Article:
One Native American Gives Back
Shoshana Phillips has spent most of her 51 years engrained in Omaha Nation culture with the goal to educate and help her Native American tribe flourish. She traveled by car with her husband and two children to attend powwows -- gatherings with music, food and dance -- to help wherever needed: with environmental issues, religious freedom issues or even making beaded jewelry and powwow regalia for kids.
It was only when she was diagnosed with multiple myeloma six years ago she realized the disparities among Native Americans with cancer, including children whose parents have cancer.
"My diagnosis made me aware of a need to fill,"” she says. "We realized cancer is something that affects the whole family, yet there are virtually no services for kids. A 20-year study showed that Native Americans were the only segment of the U.S. population where cancer deaths did not decrease over that time period.
For members of the Omaha Nation, Phillips says, there are four stages of life represented by four colors that coincide with the four directions on a compass.
"East represents infancy, which is yellow," she says. "South is for childhood and the color green. West direction is the time of adulthood and the color red. The north side is elderhood, represented by the color black."
Phillips' daughter, Alethea, whose Omaha name means "girl with reddish brown hair" told her mom they should try to help Native American kids in a worse position than she was. Together they worked to form a non-profit organization intended to help children in need now and to educate young people to make healthy lifestyle choices to avoid obesity, diabetes and cancer in the future.
Adult infusion nurse Colleen Dauw, R.N., says it's not uncommon to see patients with cancer trying to give back.
"Shoshana has been helping people in her tribe her whole life," says Dauw. "It puts a very positive light on healing and working to become well. It doesn't surprise me that her daughter is following in her footsteps to want to make a difference in the Native American community."
Still undergoing treatment for her cancer, Phillips recently secured an Ypsilanti house to be the home for her non-profit, Heritage of Healing. Her goal is to give her own family a safe and healthy living environment, as well as having dedicated space to take in Native Americans and their families when they're in Ann Arbor for treatment.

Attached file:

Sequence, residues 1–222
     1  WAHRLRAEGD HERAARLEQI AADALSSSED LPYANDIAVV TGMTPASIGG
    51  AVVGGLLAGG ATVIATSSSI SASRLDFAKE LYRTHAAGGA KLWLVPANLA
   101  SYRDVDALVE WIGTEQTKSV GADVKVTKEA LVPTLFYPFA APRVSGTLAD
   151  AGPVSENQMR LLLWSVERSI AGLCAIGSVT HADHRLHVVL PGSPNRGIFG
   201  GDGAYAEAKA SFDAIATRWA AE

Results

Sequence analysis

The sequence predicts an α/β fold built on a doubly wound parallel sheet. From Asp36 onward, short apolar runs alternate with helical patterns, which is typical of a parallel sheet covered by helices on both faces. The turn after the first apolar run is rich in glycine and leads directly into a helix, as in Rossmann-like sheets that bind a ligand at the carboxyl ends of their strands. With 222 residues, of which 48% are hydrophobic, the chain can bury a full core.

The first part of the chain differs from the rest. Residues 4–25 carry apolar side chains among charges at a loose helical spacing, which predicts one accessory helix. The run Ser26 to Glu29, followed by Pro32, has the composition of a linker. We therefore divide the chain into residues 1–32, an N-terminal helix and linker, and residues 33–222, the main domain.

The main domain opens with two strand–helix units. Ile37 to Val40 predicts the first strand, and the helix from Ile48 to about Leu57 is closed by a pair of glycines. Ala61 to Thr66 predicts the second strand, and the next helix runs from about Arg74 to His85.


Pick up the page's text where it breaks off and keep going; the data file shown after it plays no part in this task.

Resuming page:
"On the reservations, there is no treatment for cancer. They have to send you somewhere else. We would like to be there in support of people being treated off the reservation. We'll provide housing and work with Food Gatherers to offer meals. Eventually, we'd like to be able to provide rides to treatment and gift cards for things like gas and groceries."
Cancer incidences among American Indians vary by tribe, region and gender, but are often much higher than non-Hispanic whites. Many factors contribute, including a high burden of risk factors like tobacco and alcohol abuse, poor diets due to commodity items like white flour and white sugar, low awareness of cancer risks and screening options, high rates of poverty and poor access to health care due to low rates of health insurance.
American Indian and Alaska Native populations have very high incidence rates for specific cancer sites and poor survival rates for most cancers. According to the American Indian Cancer Foundation, cancer has recently become the No. 1 cause of death for American Indians in many regions of the United States.
In Phillips' case, the doctors she initially saw were unable to piece together any of her symptoms, which included fatigue, a painful bump on her knee and unusual pain when her then-toddler son hit her in the back. Phillips pressed on with her family for four years before being misdiagnosed in Arizona with fibromyalgia, a chronic pain syndrome. When she came to the University of Michigan for a research study, she received her real diagnosis: multiple myeloma, a cancer of the plasma cells in bone marrow.
Phillips ended up in a different research study altogether and had her first round of chemo while still admitted in the hospital from her emergency room visit. A clinical trial for the drug Velcade had just opened 10 additional spots for participants. Since then she has undergone two bone marrow transplants.
"I've definitely beaten the odds for multiple myeloma, which has less than a 35 percent survival rate for more than five years," says Phillips. "My diagnosis has definitely opened up a new path for me. I think all people have something they're meant to do. The time I have now is more time to be with my kids, and to establish this legacy they can carry on in the future to help other Native Americans with cancer."
Now 13, Phillips' daughter Alethea is living up to the color red through a very grown-up life of advocacy. She's planned a summer camp for Native American kids and hopes to make it a reality this summer.
Turning it Around
Many patients turn to art as an outlet, not only for their own benefit, but to let others know things get better.
Give money to organizations that support cancer patients (including the U-M Cancer Center!)
Some cancer survivors choose to volunteer at meetings or other community events for people dealing with a cancer diagnosis.
Who better than cancer survivors to lobby for more treatment options, better patient care and more research funding?
Contribute to change
Represent patients by joining the Cancer Center's Patient and Family Advisory Board